With a little luck, I hope to have it out by late summer. Meanwhile, if you have read any of my other books, liked it, and not left a written review on Amazon, please do. Reviews are an immediate measure of a book’s worthiness that readers depend on. Fewer reviews often equate to fewer readers taking a chance on a book. Therefore your help will be very much appreciated.


Memories for Those Who Gave it All

This blog-post is dedicated to memories of friends from old times….

I looked up early this evening to see Orion the Hunter rising above the eastern horizon. It gave me pause as I thought about some friends from long ago. My hands-down favorite constellation, Orion has blessed me with a hunting life fabulously rich in experiences. But now, I suppose age has tempered the passion I once had for making that last trip to the woods before the end of the hunting season. There’s plenty of venison in the freezer, and the little lady would have a hissyfit if I went out and caught some old wall-hanger standing flat-footed, thinking the season had ended.

An old buck

It seems a long time till spring. Maybe we’ll go back up to the Rockies again this year. Neither of us could make the mountain hikes we once made, but it would be nice to gaze up at the Tetons again, take some

Mount Moran and the Oxbow Bend of the Snake River.

photos of the antelope and maybe catch an old griz willing to pose without gnawing my head off. And maybe like that morning many years back when I was with two of my closest friends and our wives standing on the bank of the Snake River at Oxbow Bend, I will once again hear the wolves of the Pacifica Pack howling a greeting to the morning sun. The crisp morning air will bring a mist off the river as otters cruise by, and I’m sure the elk will be whistling in the surrounding hills.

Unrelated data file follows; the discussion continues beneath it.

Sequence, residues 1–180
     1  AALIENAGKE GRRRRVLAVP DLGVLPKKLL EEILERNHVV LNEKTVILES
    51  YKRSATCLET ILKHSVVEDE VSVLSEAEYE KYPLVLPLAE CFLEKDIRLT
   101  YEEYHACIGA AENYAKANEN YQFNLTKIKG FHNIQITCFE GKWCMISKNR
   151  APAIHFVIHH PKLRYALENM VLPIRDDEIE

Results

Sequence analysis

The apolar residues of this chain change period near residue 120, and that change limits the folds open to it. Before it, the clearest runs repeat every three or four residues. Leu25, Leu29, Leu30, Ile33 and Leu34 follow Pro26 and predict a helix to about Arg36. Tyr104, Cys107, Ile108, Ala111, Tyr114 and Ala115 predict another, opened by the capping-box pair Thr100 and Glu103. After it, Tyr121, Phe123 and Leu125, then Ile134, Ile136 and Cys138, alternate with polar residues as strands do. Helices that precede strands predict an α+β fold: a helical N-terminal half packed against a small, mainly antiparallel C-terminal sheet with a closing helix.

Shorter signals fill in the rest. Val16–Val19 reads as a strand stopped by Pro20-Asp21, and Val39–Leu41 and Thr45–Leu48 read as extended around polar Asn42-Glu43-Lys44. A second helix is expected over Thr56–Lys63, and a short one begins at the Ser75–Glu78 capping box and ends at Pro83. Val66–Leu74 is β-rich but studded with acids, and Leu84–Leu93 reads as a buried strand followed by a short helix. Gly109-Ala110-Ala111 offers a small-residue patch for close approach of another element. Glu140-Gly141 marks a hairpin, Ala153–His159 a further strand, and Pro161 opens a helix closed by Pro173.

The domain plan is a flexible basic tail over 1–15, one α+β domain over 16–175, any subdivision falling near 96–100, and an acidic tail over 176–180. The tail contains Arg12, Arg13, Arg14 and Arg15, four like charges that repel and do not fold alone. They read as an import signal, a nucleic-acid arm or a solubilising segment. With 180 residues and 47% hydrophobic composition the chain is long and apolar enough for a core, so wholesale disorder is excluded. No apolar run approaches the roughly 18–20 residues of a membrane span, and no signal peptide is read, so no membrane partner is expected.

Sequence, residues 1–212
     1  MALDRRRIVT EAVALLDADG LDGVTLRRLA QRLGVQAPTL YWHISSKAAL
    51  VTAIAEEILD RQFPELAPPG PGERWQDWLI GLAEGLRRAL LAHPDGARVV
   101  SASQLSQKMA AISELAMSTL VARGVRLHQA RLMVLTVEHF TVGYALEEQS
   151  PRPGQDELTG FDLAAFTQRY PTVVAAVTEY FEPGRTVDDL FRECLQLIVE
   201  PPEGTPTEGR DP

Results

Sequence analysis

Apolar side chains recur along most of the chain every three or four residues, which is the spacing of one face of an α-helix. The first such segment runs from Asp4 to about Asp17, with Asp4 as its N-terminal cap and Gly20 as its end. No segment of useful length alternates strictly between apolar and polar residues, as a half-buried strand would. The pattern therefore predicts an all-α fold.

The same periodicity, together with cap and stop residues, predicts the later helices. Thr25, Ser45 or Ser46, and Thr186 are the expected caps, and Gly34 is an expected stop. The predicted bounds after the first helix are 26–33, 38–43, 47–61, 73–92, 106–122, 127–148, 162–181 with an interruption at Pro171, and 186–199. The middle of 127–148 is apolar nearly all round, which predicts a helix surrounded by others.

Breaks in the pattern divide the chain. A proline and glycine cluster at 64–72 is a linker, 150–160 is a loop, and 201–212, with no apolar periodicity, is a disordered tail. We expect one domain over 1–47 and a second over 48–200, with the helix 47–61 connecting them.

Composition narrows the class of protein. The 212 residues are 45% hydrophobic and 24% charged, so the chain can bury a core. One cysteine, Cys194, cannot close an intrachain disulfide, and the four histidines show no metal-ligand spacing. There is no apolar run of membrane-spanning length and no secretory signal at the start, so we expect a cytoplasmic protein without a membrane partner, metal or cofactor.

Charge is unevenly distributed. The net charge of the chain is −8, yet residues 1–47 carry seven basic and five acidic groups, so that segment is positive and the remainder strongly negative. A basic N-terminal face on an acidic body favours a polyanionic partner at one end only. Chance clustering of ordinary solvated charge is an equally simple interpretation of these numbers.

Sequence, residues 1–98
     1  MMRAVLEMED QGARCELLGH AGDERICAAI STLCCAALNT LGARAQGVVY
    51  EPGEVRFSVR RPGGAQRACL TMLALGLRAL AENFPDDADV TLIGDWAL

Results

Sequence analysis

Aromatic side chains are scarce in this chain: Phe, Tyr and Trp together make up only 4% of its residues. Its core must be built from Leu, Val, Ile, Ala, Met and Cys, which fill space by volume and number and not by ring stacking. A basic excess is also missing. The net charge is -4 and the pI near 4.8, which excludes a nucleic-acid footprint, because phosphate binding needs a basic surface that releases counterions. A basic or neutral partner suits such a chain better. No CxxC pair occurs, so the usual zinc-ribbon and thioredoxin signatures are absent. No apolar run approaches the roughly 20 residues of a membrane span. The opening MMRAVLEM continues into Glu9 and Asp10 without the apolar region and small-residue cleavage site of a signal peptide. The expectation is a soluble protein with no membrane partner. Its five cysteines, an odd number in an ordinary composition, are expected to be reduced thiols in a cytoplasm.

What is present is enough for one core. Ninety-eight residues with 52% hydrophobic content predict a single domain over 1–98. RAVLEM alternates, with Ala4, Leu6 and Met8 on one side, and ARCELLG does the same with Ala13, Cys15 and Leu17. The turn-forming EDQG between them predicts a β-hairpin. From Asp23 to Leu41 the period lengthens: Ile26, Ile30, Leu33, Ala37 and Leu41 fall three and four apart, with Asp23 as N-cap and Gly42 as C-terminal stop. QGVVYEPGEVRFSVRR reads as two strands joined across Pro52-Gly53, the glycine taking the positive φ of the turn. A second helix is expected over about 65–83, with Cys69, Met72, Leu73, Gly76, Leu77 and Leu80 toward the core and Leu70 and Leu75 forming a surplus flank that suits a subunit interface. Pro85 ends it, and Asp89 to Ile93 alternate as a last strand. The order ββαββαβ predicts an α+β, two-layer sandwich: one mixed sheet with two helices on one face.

Looking out over the Willow Flats at Jackson Lake, we can watch the Elk herds, and later we can drive up to Hayden Valley and watch Bison big as Volkswagen buses. The Jackson Hole Valley, the Tetons, Yellowstone, and traveling north up the Bear Tooth Highway, through Missoula and up to Glacier—it is all a memory I wish I could share with my children and grandchildren, but they will hopefully have their own opportunity someday, because I am saving this memory for others.

I’ve seen thousand-pound bull elk crashing into one another, the sound of their clashing antlers echoing against the mountainsides.


I’ve seen a mother grizzly flipping boulders in the air with the flick of a claw—boulders big as basket balls and all but buried in rock-hard clay. The muscles beneath her thick fur rippled in the morning sun, as she stepped back to let her cubs feed on the unearthed grubs.

And the question I am certain that comes to mind is that those weren’t hunting experiences, but yes, they were. I always hunt, but quite often it is with a camera. I’ve photographed caribou, moose, wolves and griz in Denali. I’ve walked with my camera amongst a group of Whitetail bucks in Mississippi, fighting so hard they didn’t know I was there until I had taken several photos. I’ve photographed hummingbirds, butterflies and just about anything that would pose in front of my lens.Lorem for the average users an iimage of a bird

Now, it’s no longer so easy. Once I could crawl on my belly to the base of a giant Cypress beside a bayou and film a duck, a deer or a heron. That was “once.” If the passion strikes now—which is seldom—I must stand up right and do my best not to stumble over the cypress knees as I stalk my prey. And by now, if you should begin to believe this is some pathetic whine about getting old, it’s not. It is a celebration for getting here—for living a full life—the mortgage on which was paid in full by others. They are the ones with whom I want to share these memories.

They are those young soldiers who never lived long enough to experience it. They died on some remote battlefield in some foreign country well before their time. No, this memory is not a complaint, but a celebration of a lifetime of memories which I hope someday to take with me to the other side and share with those that made the ultimate sacrifice. This lifetime of memories is for all those young Americans who gave their lives so that I might live mine. I stand in humble honor of my brothers in arms who never came home, because they made these memories possible.

Shoulder Patch 82nd Airborne Division

Rick DeStefanis

The photos here are mine. I made them, which means they’re copyrighted, but if you want them, take them. Just remember what other vets did for you.